This section brings in wider issues that make the maritime aspect of this site so valuable to me. If you have read the Maritime History page, you will know that, besides being fascinated by boats, my interests stretch to the people who sailed in them and what we can learn from them.
The sub-title of this site is a quote from JRR Tolkein, “Not all who wander are lost”. I intend write posts that are categorised and tagged Wandering. I should define what I mean by wandering.
The following from the dictionary best describing my intentions:
To wander: verb (used without object) – to ramble, roam or rove; to go indirectly or casually; to meander; to extend in an irregular course or direction; to move, pass or turn idly; (of the mind, thoughts desires etc.) to take one direction or another without conscious intent.
Wander has other meanings that lean towards aimlessness, loss of direction, going astray and so on. I do not accept these latter meanings for my purpose here. I have direction. I know what I want to achieve – “To uncover what can be learnt from the past that will be of benefit to the future? Can we avoid the fruitless repetitions of previous mistakes?” and to look at these questions in a manageable way – small Bill-size bites. I am not so arrogant as to believe I can save the world by myself but I would like to make a small contribution towards improving it.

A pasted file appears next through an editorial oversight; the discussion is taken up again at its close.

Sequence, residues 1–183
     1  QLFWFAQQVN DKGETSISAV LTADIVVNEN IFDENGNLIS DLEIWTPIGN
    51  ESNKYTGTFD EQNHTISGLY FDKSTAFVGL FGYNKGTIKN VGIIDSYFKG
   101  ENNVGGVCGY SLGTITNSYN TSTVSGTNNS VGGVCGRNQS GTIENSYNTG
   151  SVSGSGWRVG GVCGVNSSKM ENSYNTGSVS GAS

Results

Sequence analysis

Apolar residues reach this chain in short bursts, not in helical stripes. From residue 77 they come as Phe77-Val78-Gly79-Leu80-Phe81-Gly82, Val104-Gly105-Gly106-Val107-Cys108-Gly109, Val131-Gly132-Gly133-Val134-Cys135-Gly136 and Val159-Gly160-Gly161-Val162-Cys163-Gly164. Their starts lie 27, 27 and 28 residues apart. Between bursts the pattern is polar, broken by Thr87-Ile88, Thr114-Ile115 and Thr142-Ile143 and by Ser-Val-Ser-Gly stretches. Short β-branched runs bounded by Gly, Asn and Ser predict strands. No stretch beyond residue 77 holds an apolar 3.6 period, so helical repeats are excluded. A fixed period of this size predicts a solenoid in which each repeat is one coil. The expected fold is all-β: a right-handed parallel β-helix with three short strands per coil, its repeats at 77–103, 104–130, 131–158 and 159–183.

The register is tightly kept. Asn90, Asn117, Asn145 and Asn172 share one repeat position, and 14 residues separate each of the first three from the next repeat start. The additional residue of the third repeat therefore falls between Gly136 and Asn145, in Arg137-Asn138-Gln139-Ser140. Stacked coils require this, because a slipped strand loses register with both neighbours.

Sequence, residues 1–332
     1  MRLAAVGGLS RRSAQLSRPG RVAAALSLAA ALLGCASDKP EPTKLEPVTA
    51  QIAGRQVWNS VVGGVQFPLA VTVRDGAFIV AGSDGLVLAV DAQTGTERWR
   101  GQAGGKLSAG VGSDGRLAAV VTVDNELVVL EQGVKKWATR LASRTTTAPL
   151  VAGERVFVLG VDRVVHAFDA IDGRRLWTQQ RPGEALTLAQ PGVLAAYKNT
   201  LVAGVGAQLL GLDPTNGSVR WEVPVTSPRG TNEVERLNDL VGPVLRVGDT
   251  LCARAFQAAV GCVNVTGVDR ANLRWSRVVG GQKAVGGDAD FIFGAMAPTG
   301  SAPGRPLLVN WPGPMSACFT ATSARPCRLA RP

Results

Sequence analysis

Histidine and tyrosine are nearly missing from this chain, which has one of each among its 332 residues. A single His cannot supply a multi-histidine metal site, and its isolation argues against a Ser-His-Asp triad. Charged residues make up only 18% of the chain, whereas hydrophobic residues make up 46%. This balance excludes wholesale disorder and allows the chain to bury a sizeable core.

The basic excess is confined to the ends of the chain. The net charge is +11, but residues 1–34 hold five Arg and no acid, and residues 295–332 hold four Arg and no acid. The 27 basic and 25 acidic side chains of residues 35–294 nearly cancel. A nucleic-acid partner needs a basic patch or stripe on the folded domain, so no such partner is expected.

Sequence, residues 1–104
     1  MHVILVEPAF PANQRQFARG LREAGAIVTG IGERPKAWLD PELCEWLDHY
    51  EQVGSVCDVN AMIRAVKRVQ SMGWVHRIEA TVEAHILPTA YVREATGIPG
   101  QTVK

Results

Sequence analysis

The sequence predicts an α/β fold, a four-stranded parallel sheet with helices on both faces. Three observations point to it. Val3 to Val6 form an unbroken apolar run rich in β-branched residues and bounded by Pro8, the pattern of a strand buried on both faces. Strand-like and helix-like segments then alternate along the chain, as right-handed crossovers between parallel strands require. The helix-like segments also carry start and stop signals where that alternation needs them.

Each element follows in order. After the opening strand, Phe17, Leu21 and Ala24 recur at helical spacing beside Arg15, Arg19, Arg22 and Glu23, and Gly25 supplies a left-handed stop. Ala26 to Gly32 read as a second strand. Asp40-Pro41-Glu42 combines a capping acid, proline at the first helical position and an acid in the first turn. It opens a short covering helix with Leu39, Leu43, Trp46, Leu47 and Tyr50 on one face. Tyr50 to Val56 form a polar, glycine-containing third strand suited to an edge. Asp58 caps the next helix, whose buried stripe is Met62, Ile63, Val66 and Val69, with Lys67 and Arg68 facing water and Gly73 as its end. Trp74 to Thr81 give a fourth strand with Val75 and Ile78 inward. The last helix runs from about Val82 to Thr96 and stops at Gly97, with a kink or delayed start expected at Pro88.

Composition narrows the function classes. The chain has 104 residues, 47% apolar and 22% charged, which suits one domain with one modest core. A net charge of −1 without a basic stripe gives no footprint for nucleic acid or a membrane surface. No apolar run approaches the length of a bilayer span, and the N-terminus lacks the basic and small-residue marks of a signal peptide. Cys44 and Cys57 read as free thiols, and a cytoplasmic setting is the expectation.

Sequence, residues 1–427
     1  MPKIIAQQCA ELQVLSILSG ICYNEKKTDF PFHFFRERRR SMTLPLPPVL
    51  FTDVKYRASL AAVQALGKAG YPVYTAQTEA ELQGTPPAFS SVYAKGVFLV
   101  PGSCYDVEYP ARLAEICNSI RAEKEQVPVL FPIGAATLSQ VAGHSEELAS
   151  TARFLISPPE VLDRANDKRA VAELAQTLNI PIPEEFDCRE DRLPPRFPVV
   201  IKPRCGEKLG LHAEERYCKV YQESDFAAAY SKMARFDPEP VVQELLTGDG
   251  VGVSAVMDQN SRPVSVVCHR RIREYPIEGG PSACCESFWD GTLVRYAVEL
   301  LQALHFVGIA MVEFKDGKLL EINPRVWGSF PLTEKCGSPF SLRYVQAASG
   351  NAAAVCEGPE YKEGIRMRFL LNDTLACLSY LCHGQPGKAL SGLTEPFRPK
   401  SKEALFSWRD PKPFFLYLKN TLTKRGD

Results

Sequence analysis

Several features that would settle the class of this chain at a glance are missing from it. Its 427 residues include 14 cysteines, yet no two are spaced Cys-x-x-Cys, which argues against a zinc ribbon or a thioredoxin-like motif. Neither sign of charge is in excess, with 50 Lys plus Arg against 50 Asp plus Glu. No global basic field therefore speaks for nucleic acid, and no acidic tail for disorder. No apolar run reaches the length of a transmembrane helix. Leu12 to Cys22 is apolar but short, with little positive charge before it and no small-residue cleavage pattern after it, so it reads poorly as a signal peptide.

I no longer run a professional practice and am no longer responsible for staff, patients, suppliers and all the other groups that I have worked with over the years. I experienced four extraordinary decades and am immensely grateful to all those who supported me. Now I am able to stand back, review what I have learnt and use it in new ways. I have the freedom to learn. How long I will have it, I don’t know. However, while I have the opportunity, I hope to demonstrate some of the results in posts on this blog.
Studying people is a lot more complicated than studying boats. John Heron, in a paper on Experiential Research, wrote that “where the human condition is concerned it is better to be vaguely right than precisely wrong, better to own a fruitful confusion than to mask it with irrelevant precision.”
I like the concept of fruitful confusion as opposed to detailed analysis. I seem to have spent a lifetime analysing. Hence my desire to go walkabout, to wander, to sail the ocean . . . to see what’s there.
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(Images by Bill Whateley – the featured image at the top of this page is the path to Steeple Point, the smaller one in the text is a path through Polyrrinia in Western Crete)